Symptoms of shock are similar when the cause is low blood volume (hypovolemic shock) or inadequate pumping action of the heart (cardiogenic shock).

The condition may begin with lethargy, sleepiness and confusion. The skin may become cold and sweaty; it’s often pale with a bluish hue. When the skin is pressed, its color returns much slower than normal. Blood vessels may become more apparent as a bluish network of lines under the skin. The pulse is weak, but rapid, unless a slow heartbeat is causing the shock.

In most cases, the person cannot sit up without feeling light-headed or passing out. Blood pressure may drop so low that it cannot be measured with a blood pressure cuff.

When shock results from excessive dilation of blood vessels (such as anaphylactic shock), the symptoms are somewhat different. The skin may be warm and flushed, and the pulse may be strong and forceful rather than weak, particularly at first. However, over time, shock due to excessive dilation of blood vessels also produces cold, clammy skin and lethargy.

As shock develops, there may be:

  • Weakness and giddiness
  • Nausea and, occasionally, vomiting
  • Thirst
  • Rapid, shallow breathing
  • A weak pulse. When the pulse at the wrist disappears, fluid loss may equal half of the blood volume.

As the oxygen supply to the brain weakens, the victim may become restless, anxious and aggressive. The victim may yawn and gasp for air (air hunger).  Eventually the victim will become unconscious and finally, the heart will stop.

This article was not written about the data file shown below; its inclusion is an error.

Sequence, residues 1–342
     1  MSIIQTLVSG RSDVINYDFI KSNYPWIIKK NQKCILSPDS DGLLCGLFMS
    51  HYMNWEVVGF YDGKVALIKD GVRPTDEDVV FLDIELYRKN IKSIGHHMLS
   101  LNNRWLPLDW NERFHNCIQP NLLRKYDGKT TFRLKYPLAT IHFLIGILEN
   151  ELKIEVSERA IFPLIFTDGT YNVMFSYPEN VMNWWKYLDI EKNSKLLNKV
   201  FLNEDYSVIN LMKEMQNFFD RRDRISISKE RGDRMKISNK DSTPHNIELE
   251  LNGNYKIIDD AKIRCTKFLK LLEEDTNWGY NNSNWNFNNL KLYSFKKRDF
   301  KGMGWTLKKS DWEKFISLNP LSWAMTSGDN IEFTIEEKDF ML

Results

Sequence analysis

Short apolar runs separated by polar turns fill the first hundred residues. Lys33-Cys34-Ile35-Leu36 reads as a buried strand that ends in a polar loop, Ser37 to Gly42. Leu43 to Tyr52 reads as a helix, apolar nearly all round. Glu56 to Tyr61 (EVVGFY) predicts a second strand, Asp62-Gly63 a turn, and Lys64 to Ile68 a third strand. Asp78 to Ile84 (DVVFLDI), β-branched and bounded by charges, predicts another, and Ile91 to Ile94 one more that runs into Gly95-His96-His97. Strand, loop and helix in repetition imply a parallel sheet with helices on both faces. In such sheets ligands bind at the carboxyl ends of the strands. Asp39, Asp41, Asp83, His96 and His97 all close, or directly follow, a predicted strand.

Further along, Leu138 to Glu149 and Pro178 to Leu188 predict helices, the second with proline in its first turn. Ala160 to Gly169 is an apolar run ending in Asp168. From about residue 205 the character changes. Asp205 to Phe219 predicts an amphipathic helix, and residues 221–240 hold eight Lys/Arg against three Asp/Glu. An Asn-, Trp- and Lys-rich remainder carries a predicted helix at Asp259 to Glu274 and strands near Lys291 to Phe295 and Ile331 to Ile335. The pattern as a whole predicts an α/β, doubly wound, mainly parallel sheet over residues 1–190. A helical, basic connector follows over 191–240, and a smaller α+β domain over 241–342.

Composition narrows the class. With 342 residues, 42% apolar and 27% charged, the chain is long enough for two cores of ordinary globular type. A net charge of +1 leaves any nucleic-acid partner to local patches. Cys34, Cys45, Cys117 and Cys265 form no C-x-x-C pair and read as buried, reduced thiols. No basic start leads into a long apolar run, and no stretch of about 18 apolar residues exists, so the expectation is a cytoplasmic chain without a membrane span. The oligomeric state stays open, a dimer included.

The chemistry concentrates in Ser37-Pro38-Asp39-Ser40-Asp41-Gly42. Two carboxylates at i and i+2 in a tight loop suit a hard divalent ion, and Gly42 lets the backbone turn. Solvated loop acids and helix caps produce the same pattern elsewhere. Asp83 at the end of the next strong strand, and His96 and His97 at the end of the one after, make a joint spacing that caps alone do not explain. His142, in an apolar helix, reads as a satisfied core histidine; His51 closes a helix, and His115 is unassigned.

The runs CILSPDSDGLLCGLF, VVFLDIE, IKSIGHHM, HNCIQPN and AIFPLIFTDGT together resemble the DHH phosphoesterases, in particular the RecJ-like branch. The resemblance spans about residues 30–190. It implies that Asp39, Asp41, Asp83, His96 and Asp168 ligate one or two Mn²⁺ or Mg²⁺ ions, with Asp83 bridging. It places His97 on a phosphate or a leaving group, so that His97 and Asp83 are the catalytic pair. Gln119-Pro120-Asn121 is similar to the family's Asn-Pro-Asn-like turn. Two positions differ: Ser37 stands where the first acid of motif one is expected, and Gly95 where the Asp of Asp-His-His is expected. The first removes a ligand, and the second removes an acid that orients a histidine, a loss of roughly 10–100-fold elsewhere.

How to respond:

  • Address all obvious causes of shock, such as external bleeding
  • Make sure the victim is kept warm
  • Loosen tight clothing, braces, straps or belts to reduce constriction at the neck, chest and waist
  • Check and record breathing, pulse, respirations, blood pressure and level of response every five minutes
  • Do not administer food or drink by mouth unless directed to do so by the physician.

The standard position
for giving care for shock is feet up, with the injured area elevated. Warning: Do not elevate the injury if you think a bone may be broken. Do not elevate any fracture that is not splinted.

If you think a bone may be broken and it’s not splinted, if elevation is painful or if you’re not sure which position is correct, position the victim to be flat on his/her back.

Note:  If the victim has a head wound or is having trouble breathing, elevate the head and shoulders. Do not elevate the feet and the head at the same time.  Stay with the victim until further medical recommendations have been made.

By identifying possible shock and making an early call to your yacht’s telemedicine service, you very well may save a life. A solid understanding of first aid when shock is suspected is critical.

Your observations and an objective description of the person’s symptoms will help the telemedicine doctor make basic decisions regarding the first line of treatment, using the medical equipment available onboard your vessel.

By Robin Drake, RN, nurse case manager for MedAire, with more than two decades of experience in emergency medical management.